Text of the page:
The Radio Amateur Satellite Corporation (AMSAT) is a non-profit, volunteer organization which designs, builds and operates experimental amateur radio satellites and promotes space education. We work in partnership with government, industry, educational institutions and fellow amateur radio societies. We encourage technical and scientific innovation, and promote the training and development of skilled satellite and ground system designers and operators.

Our vision is to deploy satellite systems with the goal of providing wide area and continuous coverage for amateur radio operators world-wide. AMSAT is also an active participant in human space missions and supports satellites developed in cooperation with the educational community and other amateur satellite groups.

Amateur Radio on the International Space Station (ARISS) is a volunteer program which inspires students, worldwide, to pursue careers in science, technology, engineering and math through amateur radio communications opportunities with the International Space Station on-orbit crew. Students learn about life on board the ISS and explore Earth from space through science and math activities.

ARISS provides opportunities for the school community (students, teachers, families and local residents) to become more aware of the substantial benefits of human space flight and the exploration and discovery that occur on space flight journeys along with learning about technology and amateur radio.

OSCAR News is published quarterly by AMSAT-UK and posted to members. To get your copy join AMSAT-UK online at http://tinyurl.com/JoinAMSAT-UK/
Free sample issue at http://www.uk.amsat.org/on_193_final.pdf

ARISSat-1 on Ham Nation Show

TAPR President, Steve Bible N7HPR, discusses the new amateur radio satellite ARISSat-1 on this weeks edition of the popular video show Ham Nation. He appears after the item on the Elecraft KX3 portable SDR transceiver.

Watch Ham Nation episode 16 at
http://twit.cachefly.net/video/hn/hn0016/hn0016_h264b_864x480_500.mp4

Other Ham Nation episodes can be seen at http://twit.tv/show/ham-nation/

Ham Nation airs live each Tuesday at 6:00 PT/ 9:00ET at http://live.twit.tv/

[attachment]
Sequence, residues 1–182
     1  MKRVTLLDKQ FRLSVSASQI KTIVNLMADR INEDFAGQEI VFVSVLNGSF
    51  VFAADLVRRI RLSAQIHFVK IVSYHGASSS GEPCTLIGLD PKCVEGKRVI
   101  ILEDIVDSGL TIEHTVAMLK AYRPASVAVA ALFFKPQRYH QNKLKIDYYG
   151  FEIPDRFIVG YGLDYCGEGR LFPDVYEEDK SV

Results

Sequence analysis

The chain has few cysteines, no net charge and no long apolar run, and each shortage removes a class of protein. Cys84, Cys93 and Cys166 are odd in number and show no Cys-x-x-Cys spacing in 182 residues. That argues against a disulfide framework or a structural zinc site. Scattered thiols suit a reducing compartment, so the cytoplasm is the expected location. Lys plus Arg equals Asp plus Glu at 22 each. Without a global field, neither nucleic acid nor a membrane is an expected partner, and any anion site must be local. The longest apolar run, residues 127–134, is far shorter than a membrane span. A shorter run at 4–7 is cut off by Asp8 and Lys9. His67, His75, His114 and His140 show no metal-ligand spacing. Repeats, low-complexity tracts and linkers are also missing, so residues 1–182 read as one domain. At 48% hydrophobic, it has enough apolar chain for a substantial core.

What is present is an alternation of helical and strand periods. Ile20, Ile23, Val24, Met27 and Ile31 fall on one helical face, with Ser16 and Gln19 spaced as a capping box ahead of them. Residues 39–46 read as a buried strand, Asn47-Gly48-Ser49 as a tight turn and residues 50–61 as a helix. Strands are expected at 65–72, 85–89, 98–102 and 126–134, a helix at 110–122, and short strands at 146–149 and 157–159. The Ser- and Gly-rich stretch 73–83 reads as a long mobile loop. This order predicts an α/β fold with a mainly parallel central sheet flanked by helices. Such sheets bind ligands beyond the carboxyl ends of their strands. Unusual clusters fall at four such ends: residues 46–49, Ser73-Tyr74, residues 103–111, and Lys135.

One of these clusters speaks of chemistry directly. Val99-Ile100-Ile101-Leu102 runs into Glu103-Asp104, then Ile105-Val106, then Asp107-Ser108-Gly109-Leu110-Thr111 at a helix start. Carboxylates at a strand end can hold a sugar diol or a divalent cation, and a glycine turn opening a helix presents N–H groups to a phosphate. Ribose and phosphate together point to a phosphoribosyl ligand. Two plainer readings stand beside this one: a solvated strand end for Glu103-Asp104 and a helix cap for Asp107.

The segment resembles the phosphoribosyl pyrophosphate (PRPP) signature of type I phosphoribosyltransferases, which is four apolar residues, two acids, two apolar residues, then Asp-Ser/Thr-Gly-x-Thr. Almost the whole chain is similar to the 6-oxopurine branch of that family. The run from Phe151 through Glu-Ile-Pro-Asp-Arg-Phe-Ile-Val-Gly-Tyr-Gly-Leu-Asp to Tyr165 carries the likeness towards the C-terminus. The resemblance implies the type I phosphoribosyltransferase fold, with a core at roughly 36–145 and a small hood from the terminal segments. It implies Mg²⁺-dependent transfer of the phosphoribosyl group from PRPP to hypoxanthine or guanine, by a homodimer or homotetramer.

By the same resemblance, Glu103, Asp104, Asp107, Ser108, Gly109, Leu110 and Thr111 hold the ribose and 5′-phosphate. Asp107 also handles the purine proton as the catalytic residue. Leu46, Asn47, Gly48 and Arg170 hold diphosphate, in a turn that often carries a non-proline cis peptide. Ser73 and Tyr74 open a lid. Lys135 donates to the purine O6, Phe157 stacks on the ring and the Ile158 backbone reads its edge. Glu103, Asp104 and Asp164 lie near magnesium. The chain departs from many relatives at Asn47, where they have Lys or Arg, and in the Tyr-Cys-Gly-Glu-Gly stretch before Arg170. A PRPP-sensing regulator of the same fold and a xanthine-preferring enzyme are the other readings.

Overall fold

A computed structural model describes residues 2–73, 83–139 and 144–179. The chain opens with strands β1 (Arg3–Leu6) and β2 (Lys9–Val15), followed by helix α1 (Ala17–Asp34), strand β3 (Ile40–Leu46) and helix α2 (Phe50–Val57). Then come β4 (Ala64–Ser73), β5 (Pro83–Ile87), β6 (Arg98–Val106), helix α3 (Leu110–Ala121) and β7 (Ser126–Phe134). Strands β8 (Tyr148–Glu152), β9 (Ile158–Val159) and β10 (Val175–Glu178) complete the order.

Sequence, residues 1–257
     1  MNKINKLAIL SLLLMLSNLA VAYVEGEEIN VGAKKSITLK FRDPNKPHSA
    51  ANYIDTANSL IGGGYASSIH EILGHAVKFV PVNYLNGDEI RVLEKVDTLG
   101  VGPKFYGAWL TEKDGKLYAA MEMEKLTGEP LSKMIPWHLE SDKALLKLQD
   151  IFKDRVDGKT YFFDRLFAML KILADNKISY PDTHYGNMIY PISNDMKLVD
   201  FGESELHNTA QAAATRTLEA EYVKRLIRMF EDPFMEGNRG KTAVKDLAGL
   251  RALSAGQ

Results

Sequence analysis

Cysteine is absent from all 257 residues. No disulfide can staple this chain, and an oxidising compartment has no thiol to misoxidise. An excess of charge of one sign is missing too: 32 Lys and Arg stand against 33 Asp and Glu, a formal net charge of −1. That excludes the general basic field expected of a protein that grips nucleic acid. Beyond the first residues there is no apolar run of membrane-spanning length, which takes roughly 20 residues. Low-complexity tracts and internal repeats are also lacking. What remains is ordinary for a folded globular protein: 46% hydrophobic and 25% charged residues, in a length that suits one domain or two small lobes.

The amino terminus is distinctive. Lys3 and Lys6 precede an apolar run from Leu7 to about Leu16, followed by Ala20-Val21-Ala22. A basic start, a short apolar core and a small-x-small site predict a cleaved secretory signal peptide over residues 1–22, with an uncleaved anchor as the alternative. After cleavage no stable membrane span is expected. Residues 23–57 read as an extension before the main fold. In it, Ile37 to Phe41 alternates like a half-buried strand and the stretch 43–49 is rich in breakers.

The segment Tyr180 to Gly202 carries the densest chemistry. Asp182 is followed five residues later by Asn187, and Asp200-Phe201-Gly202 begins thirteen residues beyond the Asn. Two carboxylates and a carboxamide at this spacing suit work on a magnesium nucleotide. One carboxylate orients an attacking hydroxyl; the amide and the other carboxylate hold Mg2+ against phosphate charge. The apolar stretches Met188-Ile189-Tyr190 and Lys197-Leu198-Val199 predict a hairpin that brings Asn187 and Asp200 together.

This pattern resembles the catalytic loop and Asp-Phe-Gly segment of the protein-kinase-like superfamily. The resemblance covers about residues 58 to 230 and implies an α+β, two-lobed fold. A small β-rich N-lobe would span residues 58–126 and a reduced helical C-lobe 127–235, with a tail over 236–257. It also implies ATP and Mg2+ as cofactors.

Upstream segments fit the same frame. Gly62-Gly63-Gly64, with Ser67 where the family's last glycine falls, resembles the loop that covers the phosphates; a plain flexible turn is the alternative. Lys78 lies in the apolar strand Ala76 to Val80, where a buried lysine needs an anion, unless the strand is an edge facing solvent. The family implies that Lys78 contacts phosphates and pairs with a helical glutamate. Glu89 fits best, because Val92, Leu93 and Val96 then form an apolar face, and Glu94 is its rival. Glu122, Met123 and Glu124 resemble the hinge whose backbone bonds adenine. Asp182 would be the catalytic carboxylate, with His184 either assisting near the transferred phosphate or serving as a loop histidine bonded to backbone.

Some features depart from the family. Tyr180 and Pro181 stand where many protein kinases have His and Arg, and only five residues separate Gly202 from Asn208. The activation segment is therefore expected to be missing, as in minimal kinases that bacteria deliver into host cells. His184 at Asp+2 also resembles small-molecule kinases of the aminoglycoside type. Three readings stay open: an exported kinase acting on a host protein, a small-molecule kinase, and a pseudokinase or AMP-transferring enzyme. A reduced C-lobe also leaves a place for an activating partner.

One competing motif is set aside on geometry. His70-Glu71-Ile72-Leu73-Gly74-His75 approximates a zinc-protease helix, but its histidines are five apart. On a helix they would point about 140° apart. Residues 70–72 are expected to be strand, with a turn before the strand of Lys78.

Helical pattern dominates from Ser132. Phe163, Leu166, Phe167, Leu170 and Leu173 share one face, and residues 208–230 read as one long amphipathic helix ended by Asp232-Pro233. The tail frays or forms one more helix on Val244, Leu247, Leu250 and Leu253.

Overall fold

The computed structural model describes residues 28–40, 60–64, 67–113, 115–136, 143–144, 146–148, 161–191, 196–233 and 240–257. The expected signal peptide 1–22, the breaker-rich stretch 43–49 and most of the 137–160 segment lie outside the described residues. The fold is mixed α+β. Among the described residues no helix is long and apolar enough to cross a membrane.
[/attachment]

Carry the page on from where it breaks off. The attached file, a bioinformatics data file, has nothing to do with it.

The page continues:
Radio-to-Soundcard interface to receive satellite SSTV

The ARISSat-1/KEDR team have released this information about receiving the satellite:

The FM downlink on 145.950 MHz will be audible on all common 2 meter amateur radio receivers with no modification needed to your equipment.

A CW/SSB receiver will also receive the CW beacons on 145.919 MHz or 145.939 MHz and the signals on the linear transponder passband between 145.922 to 145.938 MHz.

To take advantage of the full bandwidth of the downlink for SSTV, CW Decoding, BPSK Decoding you’ll need to add a few things:

+ You’ll need an audio patch cable from your receiver to your computer soundcard audio input. If you are already on the air with other amateur radio soundcard applications then you are ready with the hardware to receive, decode, and display the SSTV, BPSK-1000 or BPSK-400 downlinks.

+ You’ll need SSTV software (refer to the SSTV news item)

+ You’ll need the ARISSatTLM software to decode the BPSK telemetry. (refer to the ARISSatTLM news item)

The key difference is that the SSTV signal is transmitted on the
FM downlink on 145.950 MHz. The BPSK-1000 downlink is transmitted in SSB mode on 145.920 MHz. Depending on your equipment you may need to fabricate an audio patch to the computer soundcard input from both your 2 meter FM radio and 2 meter SSB radio.

An initial “RECEIVE ONLY” configuration is easily done consisting of an audio patch cable between your radio and the soundcard. The ARISSat-1/KEDR team testing the software noted that a minimal set up consisting of an audio cable from the speaker or headphone output from the radio to the line (or mic) input on your PC sound card was successful. If your rig has a ‘Line Out’ audio connection this can be run to the soundcard ‘Line In’ connection.

Many amateur radio “digital modes” articles, web pages, and books also discuss the more complex requirements to interface your transmitter to the soundcard and to control the push-to-talk functions. This is NOT required for you to successfully receive, decode, and display the signals you receive from ARISSat-1/ KEDR. To join into the all the fun your “RECEIVE ONLY” configuration will just need the audio cable!

ARISSat-1 signals heard!

ARISSat-1 signals heard!

ARISSat-1

ARISSat-1

On Saturday ARISSat-1 was activated from onboard the Internatonal Space Station and its signals have been heard using just a handheld.

On the AMSAT bulletin board Gould WA4SXM writes:

Johan, ZS1I in South Africa reports hearing the ARISSat-1/Kedr SSTV signal using a handheld and a rubber duck antenna.

Sergey Samburov reports the 2m (145.950 Mhz) and the repeated 70 cm (437.55 MHz) signals active.

Please report signals heard, location and equipment tojulytest@arissat1.org.